On some types on the summit of the Argaios is seen a star, a crescent, the radiate Sol, or an eagle. Then there are types where the Argaios is carried by a man in a quadriga (probably Septimius Severus) or a rare type where the Argaios is seen on a chart dragged by two elephants. Then there is known a Tyche turreted with the Argaios and the personification of Cappadocia holding the Argaios.

Interesting is the following fact: Coins with the Argaios were known in the Hellenistic time only in the short periode from 101 BC to AD 17 where an alliance with Rome existed. There are no coins of Greek times even though the cult was known so long before! Not until the 1st century AD coins with references to the Argaios appeared. The explanation could be that the cult was re-introduced by the Romans to lead the Cappadocians to the the Roman Trias Jupiter-Helios-Serapis and to convince them of the Summus-Deus-belief. (P. Weiß). It is known that an Agon took place.
 
History:
Cappadocia was important already at the times of the Hattits (14th century BC) as central part of their empire. The capital was Hattusa near todays Boghazköi. With Kyros II Cappadocia came under Persian influence, but because of its distance to the centre it remained relative independent. This was true also in the time of Alexander and under the reign of the Antigonids since 303  BC. Under the Romans Archelaos was made king by Marcus Antonius. AD 18/19 under Tiberius it became the Roman province Cappadocia

Other mountain gods:
The sacred mountain Argaios is only one in a series of mountain gods. Another important cult was the cult of Zeus Kasios which could be backtracked to the Hattits  too. It was their sacred mountain Hazzi where the gods descended from heaven. Referring to Ugaritic tradition it was the seat of the storm and thunderbolts god Baal. In Greek-Seleucidian time these two deities were melted together and parallel to Baal the early mountain god was made to the god Zeus Kasios of Seleukeia Pierias.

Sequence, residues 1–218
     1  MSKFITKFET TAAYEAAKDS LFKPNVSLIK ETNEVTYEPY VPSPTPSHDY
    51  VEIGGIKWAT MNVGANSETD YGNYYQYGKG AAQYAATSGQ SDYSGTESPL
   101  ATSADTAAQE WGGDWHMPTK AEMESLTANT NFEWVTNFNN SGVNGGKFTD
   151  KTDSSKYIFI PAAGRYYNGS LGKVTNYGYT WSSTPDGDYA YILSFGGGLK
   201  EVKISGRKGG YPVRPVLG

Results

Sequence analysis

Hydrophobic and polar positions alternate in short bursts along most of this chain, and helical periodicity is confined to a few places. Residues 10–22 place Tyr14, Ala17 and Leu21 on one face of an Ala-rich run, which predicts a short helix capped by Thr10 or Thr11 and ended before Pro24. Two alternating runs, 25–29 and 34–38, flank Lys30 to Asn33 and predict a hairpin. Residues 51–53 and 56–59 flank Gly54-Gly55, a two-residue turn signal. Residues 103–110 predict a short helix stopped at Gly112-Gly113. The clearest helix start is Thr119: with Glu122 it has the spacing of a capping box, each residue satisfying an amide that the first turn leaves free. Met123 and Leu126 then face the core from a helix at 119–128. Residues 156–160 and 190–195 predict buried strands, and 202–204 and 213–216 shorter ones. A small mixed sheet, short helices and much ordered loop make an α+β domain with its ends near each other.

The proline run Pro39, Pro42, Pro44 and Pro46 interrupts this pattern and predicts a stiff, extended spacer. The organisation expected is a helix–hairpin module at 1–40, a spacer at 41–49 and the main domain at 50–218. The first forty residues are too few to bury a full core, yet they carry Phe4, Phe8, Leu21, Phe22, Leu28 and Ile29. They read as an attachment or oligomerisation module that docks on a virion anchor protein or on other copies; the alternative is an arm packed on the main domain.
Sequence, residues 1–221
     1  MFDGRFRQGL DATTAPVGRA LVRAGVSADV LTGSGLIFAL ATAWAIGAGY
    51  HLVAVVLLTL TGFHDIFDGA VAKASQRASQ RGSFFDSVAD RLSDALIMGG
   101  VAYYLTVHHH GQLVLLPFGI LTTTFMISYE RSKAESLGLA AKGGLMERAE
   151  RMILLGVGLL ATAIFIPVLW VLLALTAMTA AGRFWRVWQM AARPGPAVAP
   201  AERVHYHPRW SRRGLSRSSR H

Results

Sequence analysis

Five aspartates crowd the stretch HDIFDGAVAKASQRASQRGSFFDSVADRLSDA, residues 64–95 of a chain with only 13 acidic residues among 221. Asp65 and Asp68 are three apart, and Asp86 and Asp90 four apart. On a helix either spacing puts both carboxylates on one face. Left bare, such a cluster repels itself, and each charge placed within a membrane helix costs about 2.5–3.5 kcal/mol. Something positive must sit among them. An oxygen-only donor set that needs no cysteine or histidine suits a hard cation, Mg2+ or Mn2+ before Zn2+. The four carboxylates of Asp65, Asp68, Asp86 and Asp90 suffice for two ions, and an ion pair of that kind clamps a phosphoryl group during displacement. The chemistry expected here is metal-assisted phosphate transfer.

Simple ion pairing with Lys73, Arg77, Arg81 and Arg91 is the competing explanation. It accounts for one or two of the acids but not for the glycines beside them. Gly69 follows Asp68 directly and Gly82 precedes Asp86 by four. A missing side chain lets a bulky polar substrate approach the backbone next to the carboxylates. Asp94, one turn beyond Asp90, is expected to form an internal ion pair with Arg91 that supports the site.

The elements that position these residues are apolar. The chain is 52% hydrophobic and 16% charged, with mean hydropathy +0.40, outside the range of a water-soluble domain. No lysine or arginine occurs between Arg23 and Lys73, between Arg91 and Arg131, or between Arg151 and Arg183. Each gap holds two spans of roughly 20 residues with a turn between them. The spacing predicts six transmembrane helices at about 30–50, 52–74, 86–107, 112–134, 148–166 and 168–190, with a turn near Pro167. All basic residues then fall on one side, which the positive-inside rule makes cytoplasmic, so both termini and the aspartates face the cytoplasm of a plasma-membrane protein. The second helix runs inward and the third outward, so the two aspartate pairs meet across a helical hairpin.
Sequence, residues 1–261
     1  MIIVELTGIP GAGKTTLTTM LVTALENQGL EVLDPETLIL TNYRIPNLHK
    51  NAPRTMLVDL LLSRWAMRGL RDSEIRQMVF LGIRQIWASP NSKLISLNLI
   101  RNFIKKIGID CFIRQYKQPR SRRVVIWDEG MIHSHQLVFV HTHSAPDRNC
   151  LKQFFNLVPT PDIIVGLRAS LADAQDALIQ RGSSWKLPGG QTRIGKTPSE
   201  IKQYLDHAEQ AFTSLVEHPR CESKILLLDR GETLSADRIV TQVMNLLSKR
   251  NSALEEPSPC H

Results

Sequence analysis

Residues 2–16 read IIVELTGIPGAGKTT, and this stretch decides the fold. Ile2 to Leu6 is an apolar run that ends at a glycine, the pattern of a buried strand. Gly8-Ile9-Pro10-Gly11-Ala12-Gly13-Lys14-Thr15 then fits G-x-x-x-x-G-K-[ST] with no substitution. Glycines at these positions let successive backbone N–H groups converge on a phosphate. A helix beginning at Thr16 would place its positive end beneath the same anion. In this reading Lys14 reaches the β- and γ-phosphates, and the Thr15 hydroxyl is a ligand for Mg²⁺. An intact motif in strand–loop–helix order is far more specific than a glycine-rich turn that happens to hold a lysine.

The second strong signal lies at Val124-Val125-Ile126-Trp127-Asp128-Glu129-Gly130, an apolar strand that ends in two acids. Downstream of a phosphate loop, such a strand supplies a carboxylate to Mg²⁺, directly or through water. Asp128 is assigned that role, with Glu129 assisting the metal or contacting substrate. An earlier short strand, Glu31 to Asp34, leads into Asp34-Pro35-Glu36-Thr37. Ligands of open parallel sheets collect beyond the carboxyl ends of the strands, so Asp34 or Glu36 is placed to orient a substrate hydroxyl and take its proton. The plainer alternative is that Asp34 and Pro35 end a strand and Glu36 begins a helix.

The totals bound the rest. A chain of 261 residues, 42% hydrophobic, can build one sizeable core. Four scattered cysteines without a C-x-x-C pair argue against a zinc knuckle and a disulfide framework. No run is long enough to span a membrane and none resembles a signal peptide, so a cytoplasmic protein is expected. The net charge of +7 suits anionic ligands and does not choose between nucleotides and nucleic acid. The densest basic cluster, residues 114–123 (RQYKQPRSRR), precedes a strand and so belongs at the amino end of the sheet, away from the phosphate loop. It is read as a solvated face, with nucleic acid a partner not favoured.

I have added a pic of today's Erciyes Dagi

Sources:
http://people.freenet.de/albionworld/referate/argaios-ref.html
(Here you can find more references!)
http://www.volcano.si.edu/world/volcano.cfm?vnum=0103-01=
(From this site is the pic of the Erciyes Dagi!)

Best regards

Jochen:
Some notes on the Roman god Liber

Because we have spoken about Dionysos in this thread some time before it is necessary to add informations about the Roman Liber too. He is often mixed up with Dionysos/Bacchus but this is not correct!

Liber is an old Roman deity and together with Libera a genuine Italic pair of gods. His name and his meaning are not sure until now.
1. The ancient interpretations tend in its majority to an origin of 'liberare', to free. Either because he admitted the wine pleasure in vast quantities and thus frees from worries, or because he admitted men to release their sperm (or in the case of Libera to deliver a child).
2. Today it is accepted that the origin of his name is probably *leudh, to sprout, to germinate. So these two deities are old fertility gods. Therefore they were worshipped together with Ceres. Already the dictator A. Postumus has dedicated to this trias a combined temple at the Circus Flaminius in 496 BC which was renewed by Augustus.

When Dionysos became familiar in Latium in the 5th century BC Liber was quickly equated with him which unfortunately darkens his origins. One of the oldest ceremonies recorded in the calendars belonged to Liber and Libera: the Liberalia on March 17. At this day old women presented cakes for sacrificing which then they sacrificed on a portable cooker for the buyer (this probably also pseudo-etymologically to 'libum', = cake for sacrificing). This day often was used for applying the toga virilis too, after which the young Roman was accepted as adult. More original as this seem to be phallic processions. Wether Liber was really related to wine in the earliest day is unsure but it would have make it easier to fulfill the equalization with Dionysos. In historic times the equilization was already done. Liber wears all attributes of Dionysos as you can see on the attached coin for Septimius Severus: Thyrsos, panther and ivy wreath.